We strongly encourage restaurants that serve desserts or other dishes with alcohol to enforce 21 carding for purchases, just like you do for drinks.
Although we read the law as only applying to restaurants and bars, we have heard that the ABC is investigating manufacturers of products that contain alcohol. For example, there are a number of bakeries that produce variations of the Tennessee Whiskey Tipsy Cake featuring Jack Daniels.
As we read it, the new law only applies to restaurants, bars and other LBD establishments. The ABC appears to be enforcing the new law against food manufacturers that do not hold ABC licenses.
Stay tuned as we sail through unchartered territory.
Tens of thousands of Tennessee oenophiles are wondering why wine is not in their grocery stores. We hear the question all the time: Wassup? Tennessee legalized the sale of wine in stores like Publix, Kroger and Trader Joes. When will my favorite varietal be on store shelves?
We have blogged about the hurdles for wine in groceries before.
Good news for most fans of WIGS (our pet name for wine in grocery stores). The petition drives to place WIGS on the ballot for local option election were successful in 80 Tennessee cities, including Chattanooga, Knoxville, Memphis and Nashville.
To qualify for the ballot, each municipality or county had to receive a petition with a number of valid signatures equaling at least 10 percent of the voting population in the 2010 gubernatorial election. Petitions were due on August 21.
14 cities, including Columbia, Dickson, La Vergne, Portland and Springfield failed to collect enough qualifying signatures. Petition drives in unincorporated parts of Hamilton and Shelby counties also came up short.
The next step for WIGS are local option elections on the November 4 general election ballot. Early voting runs October 15-30.
After all the dust settles from voter referenda, the waiting begins again for oenophiles. The soonest that Yellowtail will grace the shelves at Kroger is July 1, 2016, unless the Legislature changes the effective date for WIGS.
Groceries in cities or counties that fail to approve WIGS will be at a distinct disadvantage to neighboring stores in cities that vote in favor of WIGS. For example, wine-drinking shoppers near Columbia may drive to competing stores in Spring Hill to buy groceries and wine. Groceries located outside of cities in Shelby and Hamilton counties will undoubtedly suffer from not having wine on shelves.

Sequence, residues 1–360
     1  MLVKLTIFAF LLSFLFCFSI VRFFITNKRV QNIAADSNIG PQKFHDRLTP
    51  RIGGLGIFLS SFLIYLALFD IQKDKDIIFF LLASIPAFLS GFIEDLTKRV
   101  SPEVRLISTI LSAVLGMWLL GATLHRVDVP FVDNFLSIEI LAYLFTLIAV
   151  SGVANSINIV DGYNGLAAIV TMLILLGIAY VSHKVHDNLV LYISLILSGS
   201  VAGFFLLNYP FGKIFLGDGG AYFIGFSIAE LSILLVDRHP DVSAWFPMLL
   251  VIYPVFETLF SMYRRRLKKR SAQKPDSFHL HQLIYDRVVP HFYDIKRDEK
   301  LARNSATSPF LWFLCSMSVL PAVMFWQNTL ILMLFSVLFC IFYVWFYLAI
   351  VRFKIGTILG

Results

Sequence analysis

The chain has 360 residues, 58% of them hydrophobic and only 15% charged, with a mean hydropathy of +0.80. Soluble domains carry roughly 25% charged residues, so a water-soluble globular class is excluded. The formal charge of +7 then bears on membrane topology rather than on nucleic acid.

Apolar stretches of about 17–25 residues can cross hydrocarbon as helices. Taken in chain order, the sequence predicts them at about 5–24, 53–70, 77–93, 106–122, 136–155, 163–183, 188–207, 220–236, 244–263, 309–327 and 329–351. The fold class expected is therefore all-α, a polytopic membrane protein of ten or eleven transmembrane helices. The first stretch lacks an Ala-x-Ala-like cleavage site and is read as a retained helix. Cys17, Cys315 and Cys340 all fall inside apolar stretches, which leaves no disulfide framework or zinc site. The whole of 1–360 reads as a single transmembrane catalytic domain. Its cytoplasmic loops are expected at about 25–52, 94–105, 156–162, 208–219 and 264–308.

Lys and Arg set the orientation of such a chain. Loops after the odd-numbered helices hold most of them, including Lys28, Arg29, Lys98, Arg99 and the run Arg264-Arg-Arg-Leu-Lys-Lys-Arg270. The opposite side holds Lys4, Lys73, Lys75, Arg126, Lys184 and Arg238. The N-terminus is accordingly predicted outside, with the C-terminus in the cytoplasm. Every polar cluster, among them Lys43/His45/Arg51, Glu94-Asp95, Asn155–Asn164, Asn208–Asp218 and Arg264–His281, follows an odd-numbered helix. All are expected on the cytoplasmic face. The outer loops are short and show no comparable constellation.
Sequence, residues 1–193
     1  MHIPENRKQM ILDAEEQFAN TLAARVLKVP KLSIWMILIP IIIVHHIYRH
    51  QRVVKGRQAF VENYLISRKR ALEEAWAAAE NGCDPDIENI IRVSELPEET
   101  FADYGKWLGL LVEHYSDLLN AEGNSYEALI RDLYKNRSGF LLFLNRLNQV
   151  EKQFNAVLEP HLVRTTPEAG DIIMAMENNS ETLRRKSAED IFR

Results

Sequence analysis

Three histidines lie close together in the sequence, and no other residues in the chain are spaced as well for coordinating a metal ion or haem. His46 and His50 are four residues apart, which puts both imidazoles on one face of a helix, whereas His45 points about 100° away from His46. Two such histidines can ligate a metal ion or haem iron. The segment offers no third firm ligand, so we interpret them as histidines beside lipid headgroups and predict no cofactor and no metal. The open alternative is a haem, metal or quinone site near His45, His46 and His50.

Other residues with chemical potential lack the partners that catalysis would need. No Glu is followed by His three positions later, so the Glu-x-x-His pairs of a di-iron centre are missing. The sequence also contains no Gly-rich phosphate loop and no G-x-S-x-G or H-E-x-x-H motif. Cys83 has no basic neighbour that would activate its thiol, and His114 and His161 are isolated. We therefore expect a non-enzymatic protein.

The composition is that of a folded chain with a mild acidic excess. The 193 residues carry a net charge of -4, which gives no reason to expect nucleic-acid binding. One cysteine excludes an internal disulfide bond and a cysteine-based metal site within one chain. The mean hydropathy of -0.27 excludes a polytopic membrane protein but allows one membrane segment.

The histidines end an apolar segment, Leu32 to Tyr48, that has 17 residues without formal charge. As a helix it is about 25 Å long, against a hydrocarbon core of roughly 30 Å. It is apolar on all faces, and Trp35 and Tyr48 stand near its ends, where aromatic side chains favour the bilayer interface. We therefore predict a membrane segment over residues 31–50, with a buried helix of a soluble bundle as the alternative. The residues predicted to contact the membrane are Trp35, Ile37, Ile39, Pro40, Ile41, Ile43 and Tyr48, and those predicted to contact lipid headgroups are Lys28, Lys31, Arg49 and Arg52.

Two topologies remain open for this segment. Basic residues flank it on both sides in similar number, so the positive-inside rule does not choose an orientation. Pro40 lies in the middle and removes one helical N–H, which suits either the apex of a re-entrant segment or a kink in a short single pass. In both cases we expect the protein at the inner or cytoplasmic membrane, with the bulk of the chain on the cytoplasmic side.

Metro Nashville includes Davidson County, which means WIGS is up for election for the entire county.
Brings to mind the classic Loretta Lynn tune Wine, Women and Song:Well I’m at home a workin’ and a slavin’ this way
You’re out a misbehavin’ spendin’ all of your pay on wine women and song
The following 80 cities and counties will hold wine-in-grocery-stores referendums on Nov. 4:Alcoa Arlington Ashland City Athens Atoka Bartlett Brentwood Bristol Burns Chattanooga Church Hill Clarksville Cleveland Clinton Collegedale Collierville Cookeville Coopertown Covington Crossville Unincorporated Cumberland County Dunlap Dyersburg East Ridge Elizabethton Etowah Fairview Farragut Franklin Gallatin Gatlinburg Germantown Goodlettsville Greeneville Harriman Hendersonville Jackson Johnson City Jonesborough Kingsport Kingston Unincorporated Knox County Knoxville Lakeland Lakesite Lebanon Lenoir City Loudon Manchester Martin Maryville McKenzie Memphis Millington Monteagle Morristown Mt. Juliet Mt. Pleasant Munford Murfreesboro Nashville Newport Norris Oak Ridge Oakland Paris Pigeon Forge Pleasant View Red Bank Rogersville Savannah Sevierville Shelbyville Signal Mountain Smyrna Spring Hill Thompson’s Station Tullahoma Union City White House
Pro wine in grocery advocate Red, White and Food posts updated information here.